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Small players the big winners for tomorrow’s vineyard
PICTURE THIS: AN ordinary vineyard, plus a few poles with built-in cameras and solar panels to provide power. There are less people working on the ground. Instead they're busy occupying an operations centre, controlling the spraying, pruning and harvesting, and integrating the data within an advanced logging system. There's even a shade complex set up for heatwave events.
If you've managed to visualise this image, then you've successfully seen into the future - the vineyard of the future, 20 years from now.
That's according to University of Adelaide professor Stephen Tyerman. Together with viticulture lecturer Dr Sigfredo Fuentes, Tyerman is spearheading a project, aptly called the Vineyard of the Future (VOF).
The project will see the establishment of a 1ha vineyard that will serve as a testing ground for various research projects that will provide grapegrowers with adaptive solutions to climate change.
Funded by the University's Waite Research Institute, the VOF will be based at the Waite Campus in Adelaide, where the main focus will be on monitoring vine performance to understand vine behaviour under increased carbon dioxide and heat.
'The system is designed to accommodate a range of projects that require continuous monitoring of vine performance, such as growth, leaf responses and transpiration rates. However the main project is to continuously observe the vines during potentially unfavourable weather events, particularly heatwaves,' Tyerman told Grapegrower & Winemaker.
'To adapt to climate change we need a complete picture of how the vine is responding to climate variables and soil conditions at any particular time. This is relevant to the predicted, more frequent high temperature events and reduced supply of water.
'Continuous monitoring systems can provide us with needed information about potential impacts of climate change on grapevines.'
The motivation behind the project was first realised after the release of The Garnaut Report, which indicated the need for the Australian wine industry to adapt to the impacts of climate change in order to maintain its competitiveness well beyond the mid-twentieth century.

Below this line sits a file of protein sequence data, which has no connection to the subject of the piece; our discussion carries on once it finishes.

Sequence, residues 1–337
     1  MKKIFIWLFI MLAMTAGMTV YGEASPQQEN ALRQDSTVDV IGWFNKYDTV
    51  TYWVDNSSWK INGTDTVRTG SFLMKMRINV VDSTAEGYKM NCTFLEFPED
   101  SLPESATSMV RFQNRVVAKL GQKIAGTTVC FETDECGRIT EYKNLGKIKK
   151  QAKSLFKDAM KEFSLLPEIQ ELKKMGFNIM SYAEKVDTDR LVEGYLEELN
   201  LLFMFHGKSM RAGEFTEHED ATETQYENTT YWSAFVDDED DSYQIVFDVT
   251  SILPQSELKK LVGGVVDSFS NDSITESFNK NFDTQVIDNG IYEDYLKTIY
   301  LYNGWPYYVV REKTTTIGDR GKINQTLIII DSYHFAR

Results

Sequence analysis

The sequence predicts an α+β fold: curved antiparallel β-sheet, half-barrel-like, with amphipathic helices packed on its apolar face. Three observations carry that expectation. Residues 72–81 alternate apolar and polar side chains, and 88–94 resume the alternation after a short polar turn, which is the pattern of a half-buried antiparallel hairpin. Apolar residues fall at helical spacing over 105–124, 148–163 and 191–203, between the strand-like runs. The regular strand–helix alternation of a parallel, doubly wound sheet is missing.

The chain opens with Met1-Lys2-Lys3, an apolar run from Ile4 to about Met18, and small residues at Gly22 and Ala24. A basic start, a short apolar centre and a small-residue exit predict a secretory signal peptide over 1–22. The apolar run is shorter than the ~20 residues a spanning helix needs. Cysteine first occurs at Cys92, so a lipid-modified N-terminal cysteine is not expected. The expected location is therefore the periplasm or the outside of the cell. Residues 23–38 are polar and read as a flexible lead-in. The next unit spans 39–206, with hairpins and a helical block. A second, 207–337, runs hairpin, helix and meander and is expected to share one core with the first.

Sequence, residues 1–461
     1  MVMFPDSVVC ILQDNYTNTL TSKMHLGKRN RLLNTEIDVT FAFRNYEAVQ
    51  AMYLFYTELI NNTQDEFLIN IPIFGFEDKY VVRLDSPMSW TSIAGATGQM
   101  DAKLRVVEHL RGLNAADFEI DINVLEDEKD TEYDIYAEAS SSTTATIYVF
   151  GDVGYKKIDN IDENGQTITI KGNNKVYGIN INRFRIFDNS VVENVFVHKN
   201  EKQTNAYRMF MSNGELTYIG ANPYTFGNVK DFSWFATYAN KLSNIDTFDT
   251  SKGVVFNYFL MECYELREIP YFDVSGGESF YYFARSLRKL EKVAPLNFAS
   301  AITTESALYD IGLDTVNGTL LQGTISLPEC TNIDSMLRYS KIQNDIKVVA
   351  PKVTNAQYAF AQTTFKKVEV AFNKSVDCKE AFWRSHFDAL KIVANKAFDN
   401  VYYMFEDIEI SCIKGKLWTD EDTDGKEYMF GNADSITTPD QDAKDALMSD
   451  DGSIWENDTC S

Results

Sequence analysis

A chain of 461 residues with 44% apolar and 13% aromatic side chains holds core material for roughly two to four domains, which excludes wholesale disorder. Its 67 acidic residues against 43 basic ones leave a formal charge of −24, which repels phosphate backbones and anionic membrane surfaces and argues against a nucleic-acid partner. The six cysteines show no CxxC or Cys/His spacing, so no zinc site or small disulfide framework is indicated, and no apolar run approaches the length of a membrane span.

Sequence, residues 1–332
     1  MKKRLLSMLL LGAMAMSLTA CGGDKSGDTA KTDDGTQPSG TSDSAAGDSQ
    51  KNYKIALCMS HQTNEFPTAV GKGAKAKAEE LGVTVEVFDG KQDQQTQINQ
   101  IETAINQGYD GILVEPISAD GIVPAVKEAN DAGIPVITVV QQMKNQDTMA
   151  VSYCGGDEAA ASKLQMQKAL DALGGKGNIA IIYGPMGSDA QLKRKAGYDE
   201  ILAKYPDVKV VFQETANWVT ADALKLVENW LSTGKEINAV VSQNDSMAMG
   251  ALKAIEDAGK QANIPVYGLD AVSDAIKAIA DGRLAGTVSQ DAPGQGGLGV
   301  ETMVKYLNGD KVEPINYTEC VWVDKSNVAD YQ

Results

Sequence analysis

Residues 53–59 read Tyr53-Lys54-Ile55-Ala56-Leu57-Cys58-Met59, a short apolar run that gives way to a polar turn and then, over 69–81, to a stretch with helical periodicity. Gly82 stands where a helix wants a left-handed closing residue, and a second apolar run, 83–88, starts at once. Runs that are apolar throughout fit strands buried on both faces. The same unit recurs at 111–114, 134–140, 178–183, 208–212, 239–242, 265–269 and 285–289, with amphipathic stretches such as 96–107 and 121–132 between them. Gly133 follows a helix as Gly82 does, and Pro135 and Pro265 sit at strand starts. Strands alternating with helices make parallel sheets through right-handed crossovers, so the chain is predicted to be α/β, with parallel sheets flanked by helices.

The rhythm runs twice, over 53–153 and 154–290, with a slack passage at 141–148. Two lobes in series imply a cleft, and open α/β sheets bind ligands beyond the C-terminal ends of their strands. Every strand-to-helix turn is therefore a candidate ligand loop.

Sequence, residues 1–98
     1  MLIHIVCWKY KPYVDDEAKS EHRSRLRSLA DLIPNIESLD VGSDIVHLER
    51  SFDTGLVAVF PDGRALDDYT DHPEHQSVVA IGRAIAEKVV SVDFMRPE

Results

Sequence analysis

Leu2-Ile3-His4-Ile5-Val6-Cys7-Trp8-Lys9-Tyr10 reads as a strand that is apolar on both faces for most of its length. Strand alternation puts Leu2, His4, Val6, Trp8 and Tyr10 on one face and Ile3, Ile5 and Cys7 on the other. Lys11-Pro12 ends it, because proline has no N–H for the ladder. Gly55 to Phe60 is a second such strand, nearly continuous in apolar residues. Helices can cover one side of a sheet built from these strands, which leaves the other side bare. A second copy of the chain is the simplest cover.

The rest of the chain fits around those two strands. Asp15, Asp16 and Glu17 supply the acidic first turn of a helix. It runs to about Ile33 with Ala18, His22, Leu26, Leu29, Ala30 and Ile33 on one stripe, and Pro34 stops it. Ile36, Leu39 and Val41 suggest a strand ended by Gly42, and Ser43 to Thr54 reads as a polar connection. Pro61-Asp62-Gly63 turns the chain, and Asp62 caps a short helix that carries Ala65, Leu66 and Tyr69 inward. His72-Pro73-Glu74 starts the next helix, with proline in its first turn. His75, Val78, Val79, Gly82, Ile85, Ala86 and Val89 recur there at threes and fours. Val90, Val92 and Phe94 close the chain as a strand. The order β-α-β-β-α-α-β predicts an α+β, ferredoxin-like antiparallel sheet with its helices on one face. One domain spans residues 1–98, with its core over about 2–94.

'All growers are facing cost pressures. We believe that some of our techniques to be trialled in the VOF might reduce costs for growers and improve operational procedures and accuracy,' Tyerman said.
He said the integration of technology and data would be pivotal in addressing the complexity needed for innovation.
'This will be achieved through the development and deployment of an Advanced Integrated Vineyard Monitoring and Logging System (AIVMLS), initially as a proof of concept,' he said.
'The AIVMLS provides an integration of technologies monitoring the major components of the soil-vine-atmosphere continuum, including real-time measurements of growth, plant health, water use and berry quality. It is designed so that technological components can be added as further research investment is achieved and as a test bed for developing technologies from our commercial partners.'
If Tyerman's visualisation of what a vineyard will look like in 20 years turns out to be correct, there will be some happy smaller wineries.
'The cost is not high. In fact, the imaging systems are the same as the security camera systems that might be set up around a winery, ' Tyerman said.
'Our pilot system will cost less than $200,000 and this incorporates technology that might not be required for a more practical system in the industry.'
What is more likely to stress smaller players is the high labour costs in Australia, he said. That's where the benefit of the VOF comes in.
'The VOF may be a way to employ more people, with better monitoring skills, with a lower total wage bill. It is analogous to the mining companies having remote controlled trucks at their mining sites,' he said.
The VOF is expected to be in operation for the coming season, at least in rudimentary form, and some PhD programs will use it immediately.
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